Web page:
Brazil went into collective shock when 235 young people died in a nightclub fire last Sunday. The rest of the world shrugged - my subjective analysis of available news
Brazil lost roughly 10 times as many promising youth as the U.S. did in the shootings at Sandy Hook Elementary. Brazil's President Dilma Rousseff declared three days of national mourning.
But the world media largely ignored that profound sense of loss. They tended to focus on more superficial elements:
Statistics: How did the Brazilian tragedy compared with other nightclub disasters? Not as bad as the Cocoanut Grove in Boston, in 1942, where 492 died. Or Louyang, China, 309 people in 2000. But worse than Rhode Island, 2003, 100 people. And Buenos Aires, 2004, 194 deaths.
Pyrotechnics: Most of these disasters resulted from flares and other incendiary effects generated on stage, which have less to do with music than with desire to wow the audience.
Corruption: The Brazilian nightclub's licence expired last August. It had close to 2,000 people inside, twice as many as legally permitted. It had only one exit.
But then, what can you expect from a Third World nation? Shrug.
I haven't been in Brazil for 40 years. Back then, I remember, alleged corruption in Brazil's construction industry made Quebec's current scandal look like kiddies in a sandbox. Rip-offs in contracting; rip-offs in inspection and enforcement; rip-offs in construction materials, resulting in the roof of a multi-acre supermarket collapsing.
Gee, just like one did in Elliot Lake, here in First World Canada.
Brazil is now a member of the G20, a rising star in the world economic order. Yet news reports imply that not much has changed there.
What caught my attention, though, was not the self-righteous toothsucking about Third World incompetence and inefficiency, but a few paragraphs about the nightclub's bouncers.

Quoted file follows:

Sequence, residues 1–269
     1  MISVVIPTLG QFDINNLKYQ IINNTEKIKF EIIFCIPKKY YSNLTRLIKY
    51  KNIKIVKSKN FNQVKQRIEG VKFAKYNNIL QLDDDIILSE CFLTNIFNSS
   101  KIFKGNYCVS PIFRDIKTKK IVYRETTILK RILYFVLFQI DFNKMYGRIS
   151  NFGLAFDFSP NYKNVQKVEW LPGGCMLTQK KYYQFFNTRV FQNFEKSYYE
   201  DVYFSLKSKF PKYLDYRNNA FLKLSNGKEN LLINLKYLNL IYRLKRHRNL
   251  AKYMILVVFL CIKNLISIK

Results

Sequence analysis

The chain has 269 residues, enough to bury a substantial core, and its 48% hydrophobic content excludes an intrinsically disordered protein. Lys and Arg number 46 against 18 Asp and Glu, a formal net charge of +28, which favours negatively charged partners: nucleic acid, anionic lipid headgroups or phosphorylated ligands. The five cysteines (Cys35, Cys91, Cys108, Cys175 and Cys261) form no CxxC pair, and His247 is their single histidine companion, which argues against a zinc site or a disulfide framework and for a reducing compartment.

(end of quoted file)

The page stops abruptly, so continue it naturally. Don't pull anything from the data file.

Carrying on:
Apparently, when fire first broke out,
security guards refused to let panicking patrons out, because they hadn't paid their bar bills.
Some reports suggested that the bouncers relented when they realized the situation. Others indicated that the bouncers were simply overwhelmed by the crush of people trying to escape.
But by then it was too late. The pile of trampled bodies at the sole exit prevented anyone else from getting out anyway. Rescue crews had to force their way through a solid wall of bodies to reach the survivors still inside.
Some of the 235 dead were crushed in the stampede to get out; the rest asphyxiated from toxic smoke inhalation.
The guards, we should note, were simply doing their job. They had instructions. They did what they were told.
The same rationale used by German guards in the Nazi death camps.
Let's acknowledge that it's comfortable to know exactly what's expected of you, so you can do it. The nightclub's rule was clear - don't let patrons out without paying.
And as long as the situation remained normal, that rule maintained order.
But situations have a habit of changing. The primary lesson of evolution, it seems to me, is that simplicity never lasts. Situations keep getting more complex. And what had been a comfortable norm turns into a horrifying extreme.
At that point, continuing the extreme simply because it used to be the norm is wrong. Or criminal. Perhaps even sinful.
My book, SIN: A New Understanding of Virtue and Vice, argued that sin (or
whatever else you choose to call it) is almost always a virtue taken to an extreme. Self-esteem becomes pride; enjoyment of food becomes gluttony; labour-saving becomes sloth.
The extreme is usually too much. But it can be too little. Too much physical interaction with children becomes abuse; too little, neglect.
In the Brazilian nightclub, the intended virtue was to maintain order. Under normal circumstances, the extremes would be either to let patrons cheat the owners, or to ruthlessly prosecute cheaters with criminal charges.
The same extremes face the owners of retail stores - from the corner grocery to Walmart.
The nightclub chose a middle ground, avoiding both anarchy and criminal prosecution - don't let patrons out until they've paid. The same way Costco checks your cashier's receipt as you leave the store.
But the middle ground unexpectedly morphed into an extreme. When a member of the band lit an outdoor flare and set the place on fire, cheating was no longer the primary concern. What had been the right thing to do suddenly became wrong. Dead wrong.
It's a salutary lesson for all of us. As Kenny Rogers warbled in The Gambler, "You gotta know when to hold'em, know when to fold'emâ€¦"
The principle applies to climate change, gun control, interest rate manipulation, race and religious intolerance, women's rightsâ€¦
Whatever your ideologies, if you hold'em in spite of new evidence, if you can't fold'em when the game changes, even the best of intentions will go awry.
Jim Taylor is an Okanagan Centre author and freelance journalist. He can be reached at